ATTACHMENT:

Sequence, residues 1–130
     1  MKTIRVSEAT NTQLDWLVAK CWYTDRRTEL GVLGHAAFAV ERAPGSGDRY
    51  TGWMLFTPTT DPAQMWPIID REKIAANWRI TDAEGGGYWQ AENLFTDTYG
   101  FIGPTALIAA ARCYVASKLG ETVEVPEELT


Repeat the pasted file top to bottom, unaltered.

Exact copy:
Sequence, residues 1–130
     1  MKTIRVSEAT NTQLDWLVAK CWYTDRRTEL GVLGHAAFAV ERAPGSGDRY
    51  TGWMLFTPTT DPAQMWPIID REKIAANWRI TDAEGGGYWQ AENLFTDTYG
   101  FIGPTALIAA ARCYVASKLG ETVEVPEELT